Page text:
You need to sit down and draw up a business plan, set yourself targets. (e.g. within three months, you will have earned X amount of money). If you want to go into IT or any other field - start learning about it now! Do a course, read & learn as much as you can, do whatever you can to honestly project yourself as a specialised translator.

Good luck!

[Edited at 2006-05-10 09:19]


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Bryan Smith
Local time: 02:55
German to English
+ ...
Specialization May 10, 2006

Well, first off, my own such post has yet to produce anyone willing to take on the task. However, it has garnered much help from several people that has been very useful.
Second of all, in the last couple weeks, I have completed a couple projects and been added to the databases of several more translation agencies, and I have been incredibly busy with translations the last two days and will be again tonight with yet another project, although short. Incredibly busy for me is not the same as incredibly busy for a full-time translator, of course, as I also work a full time job during the day, so it does not take that much translation work to render me "incredibly busy", but I feel I am well on my way.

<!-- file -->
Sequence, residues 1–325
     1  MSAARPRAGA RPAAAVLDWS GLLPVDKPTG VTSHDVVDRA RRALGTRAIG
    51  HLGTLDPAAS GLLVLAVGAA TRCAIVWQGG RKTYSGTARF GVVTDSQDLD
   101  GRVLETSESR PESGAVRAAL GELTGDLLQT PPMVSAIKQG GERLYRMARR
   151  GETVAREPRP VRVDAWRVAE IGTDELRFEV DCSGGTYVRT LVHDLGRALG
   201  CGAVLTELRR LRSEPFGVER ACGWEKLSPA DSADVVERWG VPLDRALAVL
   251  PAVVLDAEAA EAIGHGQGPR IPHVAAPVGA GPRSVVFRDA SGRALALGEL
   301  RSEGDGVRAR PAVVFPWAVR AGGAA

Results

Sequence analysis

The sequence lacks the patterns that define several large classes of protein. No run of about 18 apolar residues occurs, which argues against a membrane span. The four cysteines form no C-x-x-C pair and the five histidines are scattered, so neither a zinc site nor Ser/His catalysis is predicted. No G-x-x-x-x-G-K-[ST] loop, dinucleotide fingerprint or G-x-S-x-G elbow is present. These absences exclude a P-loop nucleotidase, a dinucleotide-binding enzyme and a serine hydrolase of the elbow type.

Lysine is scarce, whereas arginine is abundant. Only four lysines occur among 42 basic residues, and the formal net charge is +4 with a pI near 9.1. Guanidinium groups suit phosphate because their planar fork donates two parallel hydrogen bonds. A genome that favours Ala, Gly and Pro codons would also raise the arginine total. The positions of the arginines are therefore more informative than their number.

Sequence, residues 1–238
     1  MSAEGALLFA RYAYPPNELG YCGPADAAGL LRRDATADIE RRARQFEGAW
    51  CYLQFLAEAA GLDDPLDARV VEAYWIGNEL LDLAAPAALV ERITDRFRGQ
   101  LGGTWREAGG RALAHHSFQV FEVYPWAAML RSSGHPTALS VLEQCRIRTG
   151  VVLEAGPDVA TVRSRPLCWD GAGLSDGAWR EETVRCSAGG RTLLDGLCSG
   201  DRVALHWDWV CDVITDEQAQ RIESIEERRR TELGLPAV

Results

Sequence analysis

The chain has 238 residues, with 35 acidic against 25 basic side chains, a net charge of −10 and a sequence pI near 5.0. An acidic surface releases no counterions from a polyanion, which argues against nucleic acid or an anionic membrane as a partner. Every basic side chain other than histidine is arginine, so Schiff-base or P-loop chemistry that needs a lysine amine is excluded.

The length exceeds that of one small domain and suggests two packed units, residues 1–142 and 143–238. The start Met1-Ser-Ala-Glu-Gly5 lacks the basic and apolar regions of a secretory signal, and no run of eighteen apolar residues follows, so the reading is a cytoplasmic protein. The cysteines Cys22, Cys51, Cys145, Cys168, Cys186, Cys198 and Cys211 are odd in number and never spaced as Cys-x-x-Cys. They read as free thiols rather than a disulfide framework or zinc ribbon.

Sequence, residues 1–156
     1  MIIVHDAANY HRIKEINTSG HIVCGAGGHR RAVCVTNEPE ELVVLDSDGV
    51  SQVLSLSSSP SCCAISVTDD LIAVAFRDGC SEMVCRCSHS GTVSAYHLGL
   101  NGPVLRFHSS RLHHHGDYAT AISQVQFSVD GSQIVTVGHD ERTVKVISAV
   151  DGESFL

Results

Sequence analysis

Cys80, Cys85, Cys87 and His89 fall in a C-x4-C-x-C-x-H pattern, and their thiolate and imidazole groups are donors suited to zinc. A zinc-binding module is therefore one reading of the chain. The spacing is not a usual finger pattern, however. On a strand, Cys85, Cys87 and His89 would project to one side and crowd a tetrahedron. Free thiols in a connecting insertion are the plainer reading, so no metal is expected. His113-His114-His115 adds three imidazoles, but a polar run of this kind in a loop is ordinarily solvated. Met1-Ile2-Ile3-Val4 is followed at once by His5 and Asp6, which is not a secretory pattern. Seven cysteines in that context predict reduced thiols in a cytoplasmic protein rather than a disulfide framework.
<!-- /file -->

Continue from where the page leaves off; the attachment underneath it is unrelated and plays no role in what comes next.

Now for the helpful part. I credit all this to specialization. I work as a software engineer during the day and therefore promote myself as a translator of software and computer related documents. I edited my tag line to reflect my specializations. I clearly list my specialization on the top of my profile page in an eye-catching way. All the translations I have gotten recently have been software related because agencies know that's what I do. It's also nice because they're easy (because that's what I know about). Specialization is great! And when I use the money I will get for the jobs I have done over the last couple weeks to join Proz.com as a platinum member, I can only imagine things will improve. The point is to specialize in a field that has a lot of work and make that specialization unmistakable.
Literary translations are a lot of fun, but as someone else said, if there was an overabundance of work there, we would all specialize in it.